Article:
Romney disappoints United Utah Party

The United Utah Party has issued the following statement:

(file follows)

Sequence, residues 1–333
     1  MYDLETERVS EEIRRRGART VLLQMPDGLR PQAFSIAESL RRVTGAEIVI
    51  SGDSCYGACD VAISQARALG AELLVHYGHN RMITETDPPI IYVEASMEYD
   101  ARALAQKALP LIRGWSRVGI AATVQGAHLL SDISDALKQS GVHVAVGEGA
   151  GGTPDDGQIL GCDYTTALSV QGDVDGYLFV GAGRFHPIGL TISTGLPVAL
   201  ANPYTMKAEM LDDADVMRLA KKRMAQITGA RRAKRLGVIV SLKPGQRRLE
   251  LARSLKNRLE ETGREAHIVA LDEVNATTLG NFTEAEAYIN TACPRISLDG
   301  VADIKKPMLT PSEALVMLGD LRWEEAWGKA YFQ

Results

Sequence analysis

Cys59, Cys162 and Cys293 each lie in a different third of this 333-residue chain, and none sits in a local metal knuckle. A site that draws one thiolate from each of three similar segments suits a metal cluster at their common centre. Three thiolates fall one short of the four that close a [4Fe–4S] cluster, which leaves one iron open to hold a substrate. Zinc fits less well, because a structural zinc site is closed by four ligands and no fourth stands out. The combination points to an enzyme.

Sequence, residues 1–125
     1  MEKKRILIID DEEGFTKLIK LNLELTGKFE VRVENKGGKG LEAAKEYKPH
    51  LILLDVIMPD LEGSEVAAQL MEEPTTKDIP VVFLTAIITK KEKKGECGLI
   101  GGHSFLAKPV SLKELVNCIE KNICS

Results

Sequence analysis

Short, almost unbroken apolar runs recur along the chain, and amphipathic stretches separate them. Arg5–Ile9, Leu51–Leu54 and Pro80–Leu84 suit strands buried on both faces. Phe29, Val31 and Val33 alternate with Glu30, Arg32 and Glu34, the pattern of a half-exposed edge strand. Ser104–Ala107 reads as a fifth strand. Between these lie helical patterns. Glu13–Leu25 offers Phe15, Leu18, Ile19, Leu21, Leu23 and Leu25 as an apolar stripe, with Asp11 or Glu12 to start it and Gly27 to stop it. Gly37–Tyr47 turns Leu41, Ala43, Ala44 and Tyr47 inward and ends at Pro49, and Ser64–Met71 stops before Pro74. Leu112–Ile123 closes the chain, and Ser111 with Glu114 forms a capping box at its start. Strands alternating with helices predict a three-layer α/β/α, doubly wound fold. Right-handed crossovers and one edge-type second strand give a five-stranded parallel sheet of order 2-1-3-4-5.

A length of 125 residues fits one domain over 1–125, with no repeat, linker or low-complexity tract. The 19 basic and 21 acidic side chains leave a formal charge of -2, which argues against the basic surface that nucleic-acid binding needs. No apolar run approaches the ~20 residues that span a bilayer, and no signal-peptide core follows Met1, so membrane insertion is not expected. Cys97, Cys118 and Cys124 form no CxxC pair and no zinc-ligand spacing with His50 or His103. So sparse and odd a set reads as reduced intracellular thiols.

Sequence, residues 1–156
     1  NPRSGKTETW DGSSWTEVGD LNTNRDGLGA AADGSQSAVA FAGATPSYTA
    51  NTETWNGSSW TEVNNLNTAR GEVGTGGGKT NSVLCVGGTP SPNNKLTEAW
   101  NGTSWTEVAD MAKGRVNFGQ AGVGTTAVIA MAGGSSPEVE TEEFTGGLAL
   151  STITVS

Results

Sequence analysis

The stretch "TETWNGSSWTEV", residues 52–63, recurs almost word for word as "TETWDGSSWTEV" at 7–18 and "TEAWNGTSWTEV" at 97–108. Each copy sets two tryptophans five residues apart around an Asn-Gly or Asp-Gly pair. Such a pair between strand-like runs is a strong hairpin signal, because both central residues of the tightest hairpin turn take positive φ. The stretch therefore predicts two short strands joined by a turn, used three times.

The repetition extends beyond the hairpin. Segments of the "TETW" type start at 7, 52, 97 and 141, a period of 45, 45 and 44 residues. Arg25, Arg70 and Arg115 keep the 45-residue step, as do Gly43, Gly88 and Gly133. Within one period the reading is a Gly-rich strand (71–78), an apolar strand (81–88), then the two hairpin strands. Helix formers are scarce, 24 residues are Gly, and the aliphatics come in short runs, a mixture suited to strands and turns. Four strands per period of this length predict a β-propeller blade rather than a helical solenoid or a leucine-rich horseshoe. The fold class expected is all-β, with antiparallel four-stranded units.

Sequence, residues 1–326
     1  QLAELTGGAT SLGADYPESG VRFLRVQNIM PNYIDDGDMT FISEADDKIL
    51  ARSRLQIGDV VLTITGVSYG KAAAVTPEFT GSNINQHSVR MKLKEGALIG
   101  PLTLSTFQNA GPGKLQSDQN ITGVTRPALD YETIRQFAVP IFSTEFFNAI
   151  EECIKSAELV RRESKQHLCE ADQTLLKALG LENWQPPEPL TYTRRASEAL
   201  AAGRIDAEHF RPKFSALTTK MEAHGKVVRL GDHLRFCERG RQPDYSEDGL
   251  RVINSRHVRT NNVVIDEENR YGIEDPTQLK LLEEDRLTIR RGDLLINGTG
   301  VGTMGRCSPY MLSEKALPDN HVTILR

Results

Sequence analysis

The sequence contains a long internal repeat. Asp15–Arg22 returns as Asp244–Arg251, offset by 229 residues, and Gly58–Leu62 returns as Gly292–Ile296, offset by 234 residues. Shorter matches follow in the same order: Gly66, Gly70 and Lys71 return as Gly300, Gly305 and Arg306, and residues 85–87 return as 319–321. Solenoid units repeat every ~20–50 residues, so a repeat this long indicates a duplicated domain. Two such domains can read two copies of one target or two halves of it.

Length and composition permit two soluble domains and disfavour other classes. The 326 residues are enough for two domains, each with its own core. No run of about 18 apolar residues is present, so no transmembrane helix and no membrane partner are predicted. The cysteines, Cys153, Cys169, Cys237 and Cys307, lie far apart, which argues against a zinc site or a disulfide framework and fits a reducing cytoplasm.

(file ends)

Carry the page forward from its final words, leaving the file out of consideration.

Senator Mitt Romney’s announcement that he will support efforts to move forward to replace the late Justice Ruth Bader Ginsburg, is disappointing, not because it is inappropriate for a Senator to fulfill his constitutional responsibility to vote on a qualified nominee, but rather that he relies on naked partisanship to justify his decision. This simply escalates the growing trend to make party the primary consideration in Supreme Court confirmations, which defies historical precedent for how such nominations have been considered over the past century. In his public statement, Senator Romney claimed that that the historical record has been that the party controlling both the Senate and the White House confirms their nominee, but when the Senate faces the opposing party controlling the White House, they do not act on the nominee. But this has not been the case. For most of the 20th Century, partisanship played little or no role on whether nominees would be considered or whether they deserved confirmation. In fact, Franklin Roosevelt, Harry Truman, Dwight Eisenhower, and Richard Nixon all nominated individuals who did not share their partisan affiliation.The evaluation of the partisan merits of Supreme Court Justices is a relatively recent phenomenon. Justice Antonin Scalia, considered by many partisans as the consummate Republican jurist, was confirmed unanimously by the Senate. Justice Ginsburg, long the darling of Democratic activists, was likewise confirmed by a vote of 96-3.  It should not matter which party controls the Senate or the White House in terms of how the nomination process is conducted.The UUP supports reducing the partisanship in government, including the US Supreme Court nomination process. Republicans should not rush through a confirmation to beat the election clock, nor should Democrats threaten to increase the size of the court as revenge. We need to return to a time when judicial nominations transcended the pettiness of partisan politics.